Bar's new owner backs gender cause that's so close to her heart

An ambitious Luton businesswoman is ensuring her new LGBT bar supports young people experiencing gender dysphoria.

Wednesday, 26th October 2016, 6:00 am
Updated Monday, 31st October 2016, 9:55 am
Tina in the California-Inn. Juxtapose Photography: Scott Wigglesworth

After relaunching the business in July, Tina Haynes, 58, is hoping punters at the California-Inn, Chapel Street, will help donate to Mermaids, a charity close to her heart.

Tina is celebrating 25 years post-op and wants to support children and teenagers who are struggling with gender dysphoria, something she went through herself when she was younger.

The condition sees a person feel discomfort or distress because there’s a mismatch between their biological sex and gender identity, for example, sometimes in younger children, this may surface with boys playing with traditionally female toys, or girls refusing to wear dresses.

Tina said: “Mermaids is a little know charity supporting the parents of children and teenagers who are scared to say how they feel about their gender.

“The charity have been around for 21 years and if we can support them and help save the life of just one kid it will have been worth it.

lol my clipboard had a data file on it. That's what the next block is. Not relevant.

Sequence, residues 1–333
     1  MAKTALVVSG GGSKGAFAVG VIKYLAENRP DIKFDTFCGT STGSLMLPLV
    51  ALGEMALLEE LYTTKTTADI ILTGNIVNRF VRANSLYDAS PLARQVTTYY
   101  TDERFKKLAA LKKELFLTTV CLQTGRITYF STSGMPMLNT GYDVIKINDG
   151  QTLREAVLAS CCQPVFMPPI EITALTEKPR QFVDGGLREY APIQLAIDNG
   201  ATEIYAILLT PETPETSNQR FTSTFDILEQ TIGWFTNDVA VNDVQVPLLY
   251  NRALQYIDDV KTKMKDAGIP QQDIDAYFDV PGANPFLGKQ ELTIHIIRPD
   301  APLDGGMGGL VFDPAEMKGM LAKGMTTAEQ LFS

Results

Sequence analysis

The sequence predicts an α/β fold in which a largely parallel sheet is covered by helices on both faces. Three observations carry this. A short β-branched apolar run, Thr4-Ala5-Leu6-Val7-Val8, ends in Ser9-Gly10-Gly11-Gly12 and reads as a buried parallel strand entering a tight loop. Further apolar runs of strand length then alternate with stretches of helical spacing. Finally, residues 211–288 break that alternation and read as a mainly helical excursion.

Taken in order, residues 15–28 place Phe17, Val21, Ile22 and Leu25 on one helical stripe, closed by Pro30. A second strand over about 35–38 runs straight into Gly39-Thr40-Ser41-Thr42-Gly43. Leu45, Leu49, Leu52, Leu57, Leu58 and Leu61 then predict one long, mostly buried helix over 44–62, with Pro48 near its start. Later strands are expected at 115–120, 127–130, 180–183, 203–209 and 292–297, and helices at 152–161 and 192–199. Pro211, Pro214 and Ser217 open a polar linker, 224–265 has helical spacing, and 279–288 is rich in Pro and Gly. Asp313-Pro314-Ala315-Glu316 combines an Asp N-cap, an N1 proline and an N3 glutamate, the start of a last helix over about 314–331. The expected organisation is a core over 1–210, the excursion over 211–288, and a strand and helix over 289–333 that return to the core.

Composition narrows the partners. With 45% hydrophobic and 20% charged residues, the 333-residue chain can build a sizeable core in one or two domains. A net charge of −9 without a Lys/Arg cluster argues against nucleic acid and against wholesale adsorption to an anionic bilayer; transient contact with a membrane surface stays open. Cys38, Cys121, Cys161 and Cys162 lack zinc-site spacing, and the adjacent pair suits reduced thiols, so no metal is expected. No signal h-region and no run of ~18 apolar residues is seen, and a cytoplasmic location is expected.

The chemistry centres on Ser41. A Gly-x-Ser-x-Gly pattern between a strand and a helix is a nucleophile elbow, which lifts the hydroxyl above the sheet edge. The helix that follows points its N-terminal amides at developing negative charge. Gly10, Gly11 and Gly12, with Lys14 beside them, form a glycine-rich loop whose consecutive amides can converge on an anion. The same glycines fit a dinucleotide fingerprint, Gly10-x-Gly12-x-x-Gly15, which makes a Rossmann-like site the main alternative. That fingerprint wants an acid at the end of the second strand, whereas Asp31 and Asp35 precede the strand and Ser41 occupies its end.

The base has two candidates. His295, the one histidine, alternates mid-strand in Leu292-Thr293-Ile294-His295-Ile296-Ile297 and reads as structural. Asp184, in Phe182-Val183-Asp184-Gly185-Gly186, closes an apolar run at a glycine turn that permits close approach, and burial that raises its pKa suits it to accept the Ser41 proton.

“I was born in 1958 when the term ‘transgender’ wasn’t even used – but since then there’s been a tectonic shift in attitudes.”

Tina is a transgender woman, becoming Tina 29 years ago and four years later having an operation to create a vagina.

The adjective transgender describes a person whose whose gender identity differs from the sex the doctor marked on their birth certificate.

At school, Tina was badly bullied; her biological sex was male, so her parents took her to doctors and psychiatrists because she would question her gender identity, asking ‘why am I a boy?’

Tina said: “I probably outed myself aged six. At school, they were very much into promoting debates. The teacher asked whether it was better to be a boy or a girl, so I raised my hand and said I would rather be a girl – my teacher looked terrified!

“Psychiatrists back then were looking for a ‘cure’ – there is no ‘cure’. At the age of 14, if I opened my mouth all I ended up with was pain.”

Thankfully, after going through a transitional period, Tina is confident in her own skin and the California-Inn pays homage to her journey .

There is a chess board painted on the ceiling with heels and champagne bottles as the game pieces.

Tina said: “The chess board is on the ceiling because going through a transitional period turns your life upside down.

“The pink divisional lines represent the transitions and squares are grey and white – not black – nothing in life is black and white!”

The Cailfornia-Inn has a collection box at the bar for Mermaids and staff and punters have so far raised in excess of £200 for the charity.

On December 17 the bar is holding a comedy sketch night to raise further funds.

Visit Mermaids at:

To find out more about the California-Inn, visit: